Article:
Metascore
74

Generally favorable reviews - based on 38 Critics

Critic score distribution:
  1. Positive: 34 out of 38
  2. Negative: 0 out of 38
  1. The elliptical narrative also recalls Fernando Meirelles' somewhat similarly themed "The Constant Gardener," a film ultimately more heartfelt and accessible to mainstream audiences because its maker is unafraid of grief and explores it more deeply.
  2. 58
    A Mighty Heart has the surface tension of a first-rate docudrama but neither the passion nor the vision to encompass its powerhouse subject.
  3. Reviewed by: Ty Burr
    63
    I almost wish A Mighty Heart were about the Captain, and I'd bet director Michael Winterbottom does, too. The character contains all the contradictory impulses of this region of the world that the West tries and miserably fails to boil down to black and white.
  4. The title comes from the memoir by Mariane Pearl, wife of kidnapped Wall Street Journal reporter Daniel Pearl. It applies equally to Winterbottom, who has made the rarest movie among this summer's releases: a taut police procedural that examines all sides of an issue and forces us to re-think our own.
  5. 70
    Functions primarily as a suspense film, and it manages to be gripping even though the outcome is already known.
  6. 88
    What is best about A Mighty Heart is that it doesn't reduce the Daniel Pearl story to a plot, but elevates it to a tragedy. A tragedy that illuminates and grieves for the hatred that runs loose in our world, hatred as a mad dog that attacks everyone. Attacks them for what seems, to the dog, the best of reasons.
  7. A worthy film on a great, tragic subject.
  8. Despite the best of intentions, an actress who makes her own headlines gets in the way of the big picture.
  9. 60
    The movie is engrossing and well-acted throughout (especially Khan), but ultimately leaves us less optimistic about the prospects for peace.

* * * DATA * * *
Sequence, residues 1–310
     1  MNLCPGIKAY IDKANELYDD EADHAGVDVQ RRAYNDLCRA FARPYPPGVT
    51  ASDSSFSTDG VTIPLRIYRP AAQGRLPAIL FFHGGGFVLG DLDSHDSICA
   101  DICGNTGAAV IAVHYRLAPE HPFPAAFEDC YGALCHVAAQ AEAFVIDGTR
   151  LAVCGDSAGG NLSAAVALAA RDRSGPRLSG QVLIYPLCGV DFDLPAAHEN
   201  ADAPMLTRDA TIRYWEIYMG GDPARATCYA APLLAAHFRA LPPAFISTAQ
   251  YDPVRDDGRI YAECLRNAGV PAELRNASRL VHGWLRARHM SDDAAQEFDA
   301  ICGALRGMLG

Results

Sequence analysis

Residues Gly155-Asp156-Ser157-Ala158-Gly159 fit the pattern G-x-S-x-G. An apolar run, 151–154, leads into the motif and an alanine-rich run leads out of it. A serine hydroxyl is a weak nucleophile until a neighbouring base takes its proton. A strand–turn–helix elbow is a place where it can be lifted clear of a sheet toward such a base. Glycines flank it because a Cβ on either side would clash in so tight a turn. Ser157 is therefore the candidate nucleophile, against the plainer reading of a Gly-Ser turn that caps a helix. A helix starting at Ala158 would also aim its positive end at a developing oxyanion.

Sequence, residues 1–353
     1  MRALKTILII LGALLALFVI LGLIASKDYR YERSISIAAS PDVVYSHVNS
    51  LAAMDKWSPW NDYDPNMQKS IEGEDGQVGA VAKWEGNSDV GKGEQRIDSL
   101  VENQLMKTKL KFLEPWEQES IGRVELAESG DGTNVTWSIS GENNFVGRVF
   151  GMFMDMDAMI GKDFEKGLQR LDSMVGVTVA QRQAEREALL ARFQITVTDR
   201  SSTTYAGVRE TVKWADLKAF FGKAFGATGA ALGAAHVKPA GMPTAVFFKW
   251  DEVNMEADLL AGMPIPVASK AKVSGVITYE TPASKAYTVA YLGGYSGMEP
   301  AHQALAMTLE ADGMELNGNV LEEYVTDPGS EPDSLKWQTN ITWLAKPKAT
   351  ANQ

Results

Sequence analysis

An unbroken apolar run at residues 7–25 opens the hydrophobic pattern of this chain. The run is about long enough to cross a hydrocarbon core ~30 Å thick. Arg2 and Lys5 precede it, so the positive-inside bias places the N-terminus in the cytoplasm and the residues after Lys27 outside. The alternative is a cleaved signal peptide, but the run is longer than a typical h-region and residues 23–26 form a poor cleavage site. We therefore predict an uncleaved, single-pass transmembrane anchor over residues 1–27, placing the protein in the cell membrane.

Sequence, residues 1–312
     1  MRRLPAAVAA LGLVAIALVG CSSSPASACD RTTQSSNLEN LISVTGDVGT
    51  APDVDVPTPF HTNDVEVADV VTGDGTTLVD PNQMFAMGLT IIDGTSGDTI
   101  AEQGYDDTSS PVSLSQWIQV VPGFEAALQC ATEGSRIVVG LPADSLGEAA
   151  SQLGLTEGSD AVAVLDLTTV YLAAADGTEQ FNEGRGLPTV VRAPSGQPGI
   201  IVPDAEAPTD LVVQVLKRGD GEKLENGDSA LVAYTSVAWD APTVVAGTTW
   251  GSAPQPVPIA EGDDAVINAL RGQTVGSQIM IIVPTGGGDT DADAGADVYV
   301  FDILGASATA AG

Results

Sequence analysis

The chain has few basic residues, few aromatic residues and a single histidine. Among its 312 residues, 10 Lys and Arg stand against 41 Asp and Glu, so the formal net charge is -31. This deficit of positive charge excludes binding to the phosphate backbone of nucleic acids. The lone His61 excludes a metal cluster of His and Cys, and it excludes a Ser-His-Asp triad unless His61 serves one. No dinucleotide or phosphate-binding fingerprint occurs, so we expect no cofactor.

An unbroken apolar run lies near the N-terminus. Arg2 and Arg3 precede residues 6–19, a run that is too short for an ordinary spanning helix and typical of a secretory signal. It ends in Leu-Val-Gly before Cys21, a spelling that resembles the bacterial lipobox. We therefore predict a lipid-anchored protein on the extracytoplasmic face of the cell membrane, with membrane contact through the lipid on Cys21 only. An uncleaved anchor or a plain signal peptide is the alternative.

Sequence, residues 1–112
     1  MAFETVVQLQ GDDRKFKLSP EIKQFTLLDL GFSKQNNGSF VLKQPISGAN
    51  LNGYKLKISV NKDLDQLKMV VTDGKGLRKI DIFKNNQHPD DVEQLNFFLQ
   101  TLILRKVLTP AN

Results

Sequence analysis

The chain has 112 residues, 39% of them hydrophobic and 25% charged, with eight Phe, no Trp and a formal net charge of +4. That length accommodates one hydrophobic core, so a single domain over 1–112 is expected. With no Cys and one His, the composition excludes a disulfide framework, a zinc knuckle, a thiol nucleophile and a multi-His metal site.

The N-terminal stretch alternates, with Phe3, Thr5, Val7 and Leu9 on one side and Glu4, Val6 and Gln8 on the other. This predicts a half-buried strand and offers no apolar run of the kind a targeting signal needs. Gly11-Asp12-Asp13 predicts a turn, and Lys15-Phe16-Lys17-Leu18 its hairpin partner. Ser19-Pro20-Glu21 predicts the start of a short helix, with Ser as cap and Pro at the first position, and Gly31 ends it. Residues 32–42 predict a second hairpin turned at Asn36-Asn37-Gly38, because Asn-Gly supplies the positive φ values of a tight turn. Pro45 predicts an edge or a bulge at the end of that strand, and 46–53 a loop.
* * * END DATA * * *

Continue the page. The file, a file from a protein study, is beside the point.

10. 80
    Michael Winterbottom has made an enormously moving document of the tense days between Pearl's capture and the news that he was dead.
  11. Moving and frighteningly real.
  12. 63
    The overriding tone of A Mighty Heart is neither indignant nor sentimental: The film is consistently cool, almost to a fault.
  13. The story feels as urgent as the latest bad news out of the Middle East.
  14. The movie is clipped, blunt, and grimly realistic. It is practically a POLICIER , although the suspense is mitigated by our knowledge that the investigation will end badly.
  15. 75
    Remarkably apolitical, considering that it comes from the director of the Bush-bashing "The Road to Guantanamo."
  16. Reviewed by: David Ansen
    70
    Like many of Winterbottom's movies, it falls a step short of its full potential. Its tact is both its strength and its weakness. The climax feels rushed: it's the rare movie these days that feels too short.
  17. For the most part, Michael Winterbottom's well-intended film, the true story of an idealistic journalist and his gallant wife disinvites emotion by focusing on process at the expense of passion.
  18. 83
    The most striking thing about it is what it's not...a richly atmospheric film that races surefootedly through complexities of data and emotion like a spy movie and not at all like a sentimental sob story.
  19. Reviewed by: Glenn Kenny
    75
    What does not work, in a movie where almost everything, including dramatic rhetoric, has been kept on a modest scale up to this point, is the heavy-handed way Winterbottom (and Jolie) contrast the pain of loss with the pain of begetting toward the end.
  20. 75
    The film is fascinating and at times disturbing, but Winterbottom's arms-length style mutes any emotional impact.
  21. 88
    The film belongs to Jolie. She won an Oscar for 1999's "Girl, Interrupted," but this is by far her best performance.
  22. 80
    That sense of one small, private world shattering within the larger and even more unstable one around it is the essence of Michael Winterbottom's unmooring, bleakly beautiful film version of A Mighty Heart.
  23. Reviewed by: Dana Stevens
    70
    This is one of those roles where casting can't help but trump acting. Like Elizabeth Taylor as Cleopatra, Angelina Jolie IS Mariane Pearl--and that marquee-size "is" gets in the way, not of her performance, but of our ability to suspend disbelief and watch it.
  24. 75
    Jolie simply exercises Mariane's persistent will, and honors her in the process.
  25. The film takes its cue from the widow, neither sermonizing or even villainizing, content to serve quietly as an admirable exercise in restraint and a moving example of the grace under pressure that is the essence of courage.
  26. Expertly fashioned documentary-style drama.
  27. Effectively fashioned, as jolting as it is polished, as well as a surprising, insistently political work of commercial art.

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